Concerned Parties Hold Meeting About Country Club Greenstreet

The new greenstreet construction site at the intersection of Kearney and Rawlins Avenues will add some greenery to Country Club, but some fear it will be nothing but a traffic island.

At a street-corner summit on Thursday, July 7, concerned parties discussed their hopes and fears about the project. Representatives from the Parks Department, the New York City Department of Transportation, the Country Club Civic Association and Assemblyman Michael Benedetto’s office discussed some of the inconveniences it posed.

Residents of the homes adjacent to the greenstreet site are mostly worried they will lose curb-side parking. Although unlikely, DOT representatives at the meeting said the loss of parking was a possibility, so that city buses could maneuver around the traffic island.

Marcia Pavlica, president of the Country Club Civic Association, said she loved the idea of the greenstreet site, but that it may have unintended consequences.

“I think the intention of Parks was not to interfere with parking,” Pavlica said. “But parking here at night can be very difficult.”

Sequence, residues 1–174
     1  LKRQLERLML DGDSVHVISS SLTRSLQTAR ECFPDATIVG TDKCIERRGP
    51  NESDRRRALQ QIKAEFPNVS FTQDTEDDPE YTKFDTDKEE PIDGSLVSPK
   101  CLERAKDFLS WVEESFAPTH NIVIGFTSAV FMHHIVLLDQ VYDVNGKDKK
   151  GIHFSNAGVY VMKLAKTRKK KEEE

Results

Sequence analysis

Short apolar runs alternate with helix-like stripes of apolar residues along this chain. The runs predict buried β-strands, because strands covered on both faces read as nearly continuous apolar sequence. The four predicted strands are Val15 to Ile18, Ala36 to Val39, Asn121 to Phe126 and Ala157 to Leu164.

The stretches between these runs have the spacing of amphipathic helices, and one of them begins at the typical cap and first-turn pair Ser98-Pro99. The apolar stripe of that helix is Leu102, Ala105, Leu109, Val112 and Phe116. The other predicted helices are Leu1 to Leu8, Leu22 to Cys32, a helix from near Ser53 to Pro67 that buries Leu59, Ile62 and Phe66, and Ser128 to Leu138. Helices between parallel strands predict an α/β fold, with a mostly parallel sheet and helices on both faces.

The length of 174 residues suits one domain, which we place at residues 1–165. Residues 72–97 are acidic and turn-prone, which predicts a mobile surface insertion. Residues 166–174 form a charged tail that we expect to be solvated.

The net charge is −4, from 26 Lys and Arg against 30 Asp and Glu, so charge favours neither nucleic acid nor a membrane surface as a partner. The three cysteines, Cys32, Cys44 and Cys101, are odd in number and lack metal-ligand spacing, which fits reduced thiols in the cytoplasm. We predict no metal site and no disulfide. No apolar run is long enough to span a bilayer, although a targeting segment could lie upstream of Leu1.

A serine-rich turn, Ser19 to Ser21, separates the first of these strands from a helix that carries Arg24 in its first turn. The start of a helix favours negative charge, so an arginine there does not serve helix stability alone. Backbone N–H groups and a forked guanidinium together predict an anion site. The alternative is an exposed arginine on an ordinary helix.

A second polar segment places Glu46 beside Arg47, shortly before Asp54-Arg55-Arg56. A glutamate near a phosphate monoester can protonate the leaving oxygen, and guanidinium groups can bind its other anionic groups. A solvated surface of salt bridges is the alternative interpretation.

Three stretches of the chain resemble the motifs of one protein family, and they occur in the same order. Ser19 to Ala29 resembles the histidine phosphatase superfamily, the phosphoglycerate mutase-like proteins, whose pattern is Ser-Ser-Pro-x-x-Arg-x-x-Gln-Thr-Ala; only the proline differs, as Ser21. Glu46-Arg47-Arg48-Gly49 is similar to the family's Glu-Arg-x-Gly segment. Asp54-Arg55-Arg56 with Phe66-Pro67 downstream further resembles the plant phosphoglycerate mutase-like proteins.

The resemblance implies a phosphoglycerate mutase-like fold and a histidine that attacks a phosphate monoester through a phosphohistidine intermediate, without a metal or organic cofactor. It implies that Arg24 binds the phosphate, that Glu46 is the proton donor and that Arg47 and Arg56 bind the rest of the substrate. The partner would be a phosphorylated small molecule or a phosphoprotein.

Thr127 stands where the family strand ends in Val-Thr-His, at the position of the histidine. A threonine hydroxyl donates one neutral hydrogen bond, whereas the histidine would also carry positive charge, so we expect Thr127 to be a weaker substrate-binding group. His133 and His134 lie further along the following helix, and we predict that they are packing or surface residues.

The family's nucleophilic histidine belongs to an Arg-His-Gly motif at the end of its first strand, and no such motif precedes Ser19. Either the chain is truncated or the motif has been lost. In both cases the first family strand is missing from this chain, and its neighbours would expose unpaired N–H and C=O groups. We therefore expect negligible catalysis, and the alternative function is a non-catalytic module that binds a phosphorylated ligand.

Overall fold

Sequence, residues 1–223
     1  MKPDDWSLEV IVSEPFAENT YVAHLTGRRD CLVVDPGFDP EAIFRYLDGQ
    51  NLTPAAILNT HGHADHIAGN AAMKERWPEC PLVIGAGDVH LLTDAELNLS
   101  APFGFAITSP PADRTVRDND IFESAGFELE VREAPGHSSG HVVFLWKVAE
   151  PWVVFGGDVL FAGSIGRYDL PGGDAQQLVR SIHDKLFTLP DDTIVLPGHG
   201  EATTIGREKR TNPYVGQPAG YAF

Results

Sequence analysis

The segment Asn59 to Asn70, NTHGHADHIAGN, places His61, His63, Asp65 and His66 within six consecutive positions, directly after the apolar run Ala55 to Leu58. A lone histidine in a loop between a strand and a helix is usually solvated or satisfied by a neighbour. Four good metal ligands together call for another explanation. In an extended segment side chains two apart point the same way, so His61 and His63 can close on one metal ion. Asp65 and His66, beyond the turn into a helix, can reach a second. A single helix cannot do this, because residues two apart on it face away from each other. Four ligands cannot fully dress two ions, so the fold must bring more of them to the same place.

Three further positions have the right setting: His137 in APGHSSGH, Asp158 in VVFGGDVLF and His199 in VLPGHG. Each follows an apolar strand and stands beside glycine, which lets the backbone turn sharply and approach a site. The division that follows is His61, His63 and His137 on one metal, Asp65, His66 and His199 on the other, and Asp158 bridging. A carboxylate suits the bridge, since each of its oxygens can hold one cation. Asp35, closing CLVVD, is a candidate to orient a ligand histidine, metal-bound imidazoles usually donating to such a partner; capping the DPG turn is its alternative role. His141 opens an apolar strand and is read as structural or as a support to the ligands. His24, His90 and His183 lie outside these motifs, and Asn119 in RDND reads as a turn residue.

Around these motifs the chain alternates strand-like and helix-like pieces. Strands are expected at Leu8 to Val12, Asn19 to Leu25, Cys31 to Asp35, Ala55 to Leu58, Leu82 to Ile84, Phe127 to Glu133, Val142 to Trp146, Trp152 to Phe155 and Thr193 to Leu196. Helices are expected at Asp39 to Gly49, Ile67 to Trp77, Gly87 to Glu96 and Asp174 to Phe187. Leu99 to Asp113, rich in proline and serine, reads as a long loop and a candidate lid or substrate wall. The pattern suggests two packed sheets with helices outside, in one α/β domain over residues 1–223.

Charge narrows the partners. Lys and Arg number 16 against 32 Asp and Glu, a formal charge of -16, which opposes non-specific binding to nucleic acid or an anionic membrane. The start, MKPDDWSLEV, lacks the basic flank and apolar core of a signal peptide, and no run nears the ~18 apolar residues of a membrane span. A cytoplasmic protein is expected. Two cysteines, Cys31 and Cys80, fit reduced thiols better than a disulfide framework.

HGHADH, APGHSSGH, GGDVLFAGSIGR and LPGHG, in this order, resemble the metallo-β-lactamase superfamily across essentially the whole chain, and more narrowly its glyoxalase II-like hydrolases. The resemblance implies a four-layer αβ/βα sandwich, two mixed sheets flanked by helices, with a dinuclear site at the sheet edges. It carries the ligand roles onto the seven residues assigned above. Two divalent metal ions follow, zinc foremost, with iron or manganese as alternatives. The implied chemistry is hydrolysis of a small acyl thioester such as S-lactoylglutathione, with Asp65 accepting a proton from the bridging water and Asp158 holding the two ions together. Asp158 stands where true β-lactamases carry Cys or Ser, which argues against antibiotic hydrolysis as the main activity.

DOT engineer Vitaly Gutman would not rule out the potential loss of spaces, but assuaged fears by pointing out that the size of the construction site was not indicative of the greenstreet’s finished size.

Another aspect of the construction that has Country Club residents concerned is the way traffic flows around it. Since ground was broken in late June, drivers have been getting confused and have taken a shortcut around the site, that briefly sends them the wrong way down a one-way street.

Once construction is complete cars will have more room to circumvent the island. The site was originally proposed for a greenstreet three years ago, but put on hold due to lack of funding.

Parks landscape architect Barbara Barnes attended the meeting because she was involved with the original selection of the site.

“We saw the traffic patterns, and to me they looked dangerous,” Barnes said.

Ben Randazzo, chief-of-staff for Assemblyman Benedetto, said the meeting was a useful chance for residents to tell Parks and DOT about their concerns, and it may have an impact so that the bus can get by and cars can park.

“(DOT) is going to look into tweaking the line and making the island a little smaller,” Randazzo said.

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